By Robert Geline, President, 144 Media
Whatever else 2010 will be remembered for, sound bites that helped the lives and careers of those who uttered them will not be at the top of the list. For anyone interested in succeeding with the media, there are some important lessons to be gleaned from the mistakes of others in recent months. Take Christine O’Donnell, the soundly trounced Tea Party Republican Candidate for the U.S. Senate from Delaware, for instance.
“I am not a witch.”
In an ill-fated attempt to lay to rest the issue of whether she had dabbled in witchcraft as a younger person, the “Sarah Palin of the Lower ‘48” aired a campaign commercial that featured her looking straight into the camera to declare: “I am not a witch.”
Unclear in the O’Donnell media strategy was why anyone trying to bury the witch issue would choose instead to make it the centerpiece of a paid media campaign. Predictably, the ad kicked up a new dust storm of interest in O’Donnell’s history, or lack of it, with the black arts.
The campaign quickly pulled the spot off the air, but not before it had served to reinforce identification of O’Donnell with the word “witch.”
“I’m taking my talents to South Beach.”
Basketball superstar LeBron James doesn’t need a broom to fly above the competition on the basketball court. Unfortunately for his reputation and marketability, James’ performance in the court of public opinion lately has not been so impressive. With a single stroke of the tongue last summer, LeBron James threw a large rock through the picture window of an otherwise pristine reputation.
How many PR pros and James posse people did it take to come up with: “I’m taking my talents to South beach.”
Showcased in a one-hour special televised to the world on ESPN, the King James decision might have played better had he at least mentioned the team he had chosen to play for (the Miami Heat) as opposed to a section of Miami with the richly deserved reputation as one of the world’s most notorious adult playgrounds (South Beach).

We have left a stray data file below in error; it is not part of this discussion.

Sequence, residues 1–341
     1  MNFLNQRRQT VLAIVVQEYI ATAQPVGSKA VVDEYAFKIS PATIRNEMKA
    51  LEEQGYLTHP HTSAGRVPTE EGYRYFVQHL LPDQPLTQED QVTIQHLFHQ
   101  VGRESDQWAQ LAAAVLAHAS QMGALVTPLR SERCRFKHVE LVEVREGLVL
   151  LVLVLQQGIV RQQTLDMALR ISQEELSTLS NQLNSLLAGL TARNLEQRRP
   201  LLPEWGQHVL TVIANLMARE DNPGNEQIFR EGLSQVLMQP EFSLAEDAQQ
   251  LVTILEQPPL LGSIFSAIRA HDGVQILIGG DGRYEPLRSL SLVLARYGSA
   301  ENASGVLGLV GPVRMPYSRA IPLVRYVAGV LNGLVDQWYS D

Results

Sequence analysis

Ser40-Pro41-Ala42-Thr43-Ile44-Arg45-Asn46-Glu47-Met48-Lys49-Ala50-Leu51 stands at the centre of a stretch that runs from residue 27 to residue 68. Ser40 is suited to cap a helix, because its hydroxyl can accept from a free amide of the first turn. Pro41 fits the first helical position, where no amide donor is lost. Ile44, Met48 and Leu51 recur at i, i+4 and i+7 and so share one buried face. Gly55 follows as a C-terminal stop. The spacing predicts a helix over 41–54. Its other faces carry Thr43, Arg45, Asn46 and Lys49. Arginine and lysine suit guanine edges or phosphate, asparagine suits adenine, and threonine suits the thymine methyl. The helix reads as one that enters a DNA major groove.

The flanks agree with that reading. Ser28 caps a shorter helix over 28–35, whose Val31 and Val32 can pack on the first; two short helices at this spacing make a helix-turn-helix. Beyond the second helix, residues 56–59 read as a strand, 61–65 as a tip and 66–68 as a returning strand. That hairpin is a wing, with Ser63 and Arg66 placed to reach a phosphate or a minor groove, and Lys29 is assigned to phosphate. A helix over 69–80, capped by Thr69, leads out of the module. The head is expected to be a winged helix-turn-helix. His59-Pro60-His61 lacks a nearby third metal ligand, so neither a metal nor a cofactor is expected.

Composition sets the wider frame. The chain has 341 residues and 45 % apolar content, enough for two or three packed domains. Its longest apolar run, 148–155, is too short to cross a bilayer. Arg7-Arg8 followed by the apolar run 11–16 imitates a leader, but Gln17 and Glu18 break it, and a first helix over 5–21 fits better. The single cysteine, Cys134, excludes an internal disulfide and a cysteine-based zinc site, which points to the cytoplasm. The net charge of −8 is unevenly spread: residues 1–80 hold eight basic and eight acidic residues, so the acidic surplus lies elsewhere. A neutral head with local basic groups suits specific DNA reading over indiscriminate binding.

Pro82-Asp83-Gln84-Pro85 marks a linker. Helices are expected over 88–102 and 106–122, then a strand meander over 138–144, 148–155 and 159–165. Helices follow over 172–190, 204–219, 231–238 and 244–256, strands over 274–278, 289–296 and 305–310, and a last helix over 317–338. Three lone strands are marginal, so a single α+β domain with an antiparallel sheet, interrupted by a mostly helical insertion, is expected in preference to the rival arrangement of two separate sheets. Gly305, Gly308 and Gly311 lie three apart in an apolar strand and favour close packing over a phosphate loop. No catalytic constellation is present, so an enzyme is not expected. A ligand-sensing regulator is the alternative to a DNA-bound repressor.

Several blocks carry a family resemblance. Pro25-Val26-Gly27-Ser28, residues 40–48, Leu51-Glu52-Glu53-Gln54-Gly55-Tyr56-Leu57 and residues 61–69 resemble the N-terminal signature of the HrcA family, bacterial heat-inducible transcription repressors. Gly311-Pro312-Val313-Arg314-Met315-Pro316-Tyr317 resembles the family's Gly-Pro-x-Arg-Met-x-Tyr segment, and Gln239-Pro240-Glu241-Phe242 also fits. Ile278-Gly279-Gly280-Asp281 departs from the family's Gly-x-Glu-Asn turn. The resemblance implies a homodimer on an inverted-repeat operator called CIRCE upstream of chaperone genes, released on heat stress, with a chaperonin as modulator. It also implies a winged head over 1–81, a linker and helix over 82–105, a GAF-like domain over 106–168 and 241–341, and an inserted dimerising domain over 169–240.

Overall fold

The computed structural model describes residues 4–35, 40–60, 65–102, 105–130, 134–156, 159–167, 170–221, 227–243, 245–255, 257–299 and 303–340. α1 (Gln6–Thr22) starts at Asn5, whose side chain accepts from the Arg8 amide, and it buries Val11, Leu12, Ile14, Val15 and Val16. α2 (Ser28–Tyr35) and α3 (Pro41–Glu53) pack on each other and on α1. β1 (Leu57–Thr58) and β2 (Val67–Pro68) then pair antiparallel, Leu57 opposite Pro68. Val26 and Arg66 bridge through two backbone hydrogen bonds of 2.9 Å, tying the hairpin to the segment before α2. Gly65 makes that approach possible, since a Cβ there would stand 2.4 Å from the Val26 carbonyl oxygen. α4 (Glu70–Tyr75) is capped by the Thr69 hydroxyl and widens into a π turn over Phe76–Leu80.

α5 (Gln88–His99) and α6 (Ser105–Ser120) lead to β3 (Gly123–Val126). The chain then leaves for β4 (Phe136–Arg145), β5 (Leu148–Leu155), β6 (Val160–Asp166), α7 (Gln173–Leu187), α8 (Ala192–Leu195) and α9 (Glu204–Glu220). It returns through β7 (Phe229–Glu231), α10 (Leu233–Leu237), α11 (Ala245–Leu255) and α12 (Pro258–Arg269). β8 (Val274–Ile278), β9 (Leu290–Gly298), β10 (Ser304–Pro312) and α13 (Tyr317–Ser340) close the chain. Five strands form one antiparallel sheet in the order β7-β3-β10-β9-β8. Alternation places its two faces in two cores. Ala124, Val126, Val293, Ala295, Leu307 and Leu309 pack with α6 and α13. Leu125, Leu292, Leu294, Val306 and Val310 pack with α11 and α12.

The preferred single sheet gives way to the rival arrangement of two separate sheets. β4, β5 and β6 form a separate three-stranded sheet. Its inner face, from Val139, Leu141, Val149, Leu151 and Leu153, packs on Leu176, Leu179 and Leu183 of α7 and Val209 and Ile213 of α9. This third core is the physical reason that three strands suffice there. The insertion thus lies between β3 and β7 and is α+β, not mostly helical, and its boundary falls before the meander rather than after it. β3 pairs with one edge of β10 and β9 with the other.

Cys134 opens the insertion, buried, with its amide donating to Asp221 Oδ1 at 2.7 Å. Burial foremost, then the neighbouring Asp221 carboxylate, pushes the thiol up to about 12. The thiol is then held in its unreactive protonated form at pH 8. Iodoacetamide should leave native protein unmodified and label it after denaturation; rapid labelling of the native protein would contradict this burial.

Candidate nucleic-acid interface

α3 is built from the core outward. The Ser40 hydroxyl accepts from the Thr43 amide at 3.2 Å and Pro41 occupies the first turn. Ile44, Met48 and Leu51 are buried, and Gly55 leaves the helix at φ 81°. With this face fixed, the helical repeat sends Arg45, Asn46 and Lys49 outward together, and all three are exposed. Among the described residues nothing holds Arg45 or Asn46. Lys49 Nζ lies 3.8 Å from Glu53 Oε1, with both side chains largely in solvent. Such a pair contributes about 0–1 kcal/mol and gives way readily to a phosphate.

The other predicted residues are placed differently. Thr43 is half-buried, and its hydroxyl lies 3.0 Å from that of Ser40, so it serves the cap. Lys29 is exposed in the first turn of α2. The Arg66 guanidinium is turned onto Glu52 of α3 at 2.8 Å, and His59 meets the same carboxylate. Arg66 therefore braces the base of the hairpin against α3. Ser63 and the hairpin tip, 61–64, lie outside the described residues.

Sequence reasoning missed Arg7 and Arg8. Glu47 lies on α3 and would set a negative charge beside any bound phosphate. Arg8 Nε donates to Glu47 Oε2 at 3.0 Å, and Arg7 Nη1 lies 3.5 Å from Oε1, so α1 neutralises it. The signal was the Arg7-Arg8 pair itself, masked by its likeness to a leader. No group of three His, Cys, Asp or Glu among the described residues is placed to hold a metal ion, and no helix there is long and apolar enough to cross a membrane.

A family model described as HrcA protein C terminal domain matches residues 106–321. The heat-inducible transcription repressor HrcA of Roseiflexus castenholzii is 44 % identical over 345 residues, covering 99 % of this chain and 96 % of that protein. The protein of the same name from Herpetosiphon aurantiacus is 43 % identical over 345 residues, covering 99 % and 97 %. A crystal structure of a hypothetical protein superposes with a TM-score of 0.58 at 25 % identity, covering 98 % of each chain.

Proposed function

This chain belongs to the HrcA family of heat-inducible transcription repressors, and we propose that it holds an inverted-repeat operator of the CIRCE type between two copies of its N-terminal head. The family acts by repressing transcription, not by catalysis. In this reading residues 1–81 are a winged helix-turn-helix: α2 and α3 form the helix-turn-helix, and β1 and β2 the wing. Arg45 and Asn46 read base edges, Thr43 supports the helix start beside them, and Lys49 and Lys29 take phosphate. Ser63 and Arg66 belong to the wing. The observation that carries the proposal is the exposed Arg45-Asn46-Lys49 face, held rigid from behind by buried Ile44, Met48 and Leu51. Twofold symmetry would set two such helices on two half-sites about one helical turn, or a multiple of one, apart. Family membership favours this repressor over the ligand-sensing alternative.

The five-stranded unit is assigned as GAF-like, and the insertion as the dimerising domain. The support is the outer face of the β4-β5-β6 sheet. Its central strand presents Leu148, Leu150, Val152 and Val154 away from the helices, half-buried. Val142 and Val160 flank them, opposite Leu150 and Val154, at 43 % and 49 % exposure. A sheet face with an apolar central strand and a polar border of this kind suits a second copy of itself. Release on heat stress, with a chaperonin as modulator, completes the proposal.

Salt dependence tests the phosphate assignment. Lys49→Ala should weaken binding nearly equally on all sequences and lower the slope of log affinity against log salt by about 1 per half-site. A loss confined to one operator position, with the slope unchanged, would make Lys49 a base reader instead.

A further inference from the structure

No matter how James characterized his decision to change teams, it was going to be tough to swallow in gritty Cleveland. But to package the decision in language that highlighted sensual South Beach was too much for almost anyone who doesn’t live in a neighborhood of year around sunshine, sand and surf—which is to say almost everyone in America.
As soon as Clevelanders began to burn LeBron’s Cavaliers jerseys in angered reaction to his jilt of the town he said he loved, James’ celebrity approval rating began to plummet. Arrogant. Offensive. Insensitive. These were some of the kinder adjectives used to describe the phrasing James chose to reveal his choice. And not just in Cleveland.
How many NBA championships will it take to restore LeBron James to the marketing throne he fell off with his ill-advised sound bite? Tough to quantify, except to say that it’s a good thing LeBron James is still a relatively young player.
“I’d like my life back.”
There will be no restoration for Tony Hayward, former CEO of BP. That’s because at the height of fear, frustration and anger over BP’s inability to cap, contain or clean up the worst oil spill in U.S. history, the man in charge for BP told a reporter: “I’d like my life back.”
It was a momentary lapse of focus for the multimillionaire executive and the beginning of the end of his stewardship of BP. That’s because the timing of Hayward’s remark came when hundreds of thousands of non-millionaires around the Gulf of Mexico were seeing their lives destroyed by the unending gush of toxic goo from BP’s uncapped well.
It outraged millions around the U.S. and the world, who saw the statement as archetypal of corporate insensitivity and the real story of BP’s attitude toward the spill, despite the company’s $50 million image builder ad campaign.
Hayward quickly apologized, but media reports showing Hayward at the helm of his yacht off the Isle of Wight the next week seemed to show what he really cared about.
Tony Hayward got his life back, but not his job. Whether BP will ever get its reputation back in the wake of the Gulf Oil spill and Hayward’s PR gaffes remains an open question.
Robert Geline is President of 144 Media LLC (www.144media.com), a consulting organization
that specializes in media coaching, message strategy and presentation performance enhancement.
He counsels clients from his perspective as an Emmy-winning network journalist and
former national newsmagazine correspondent and editor.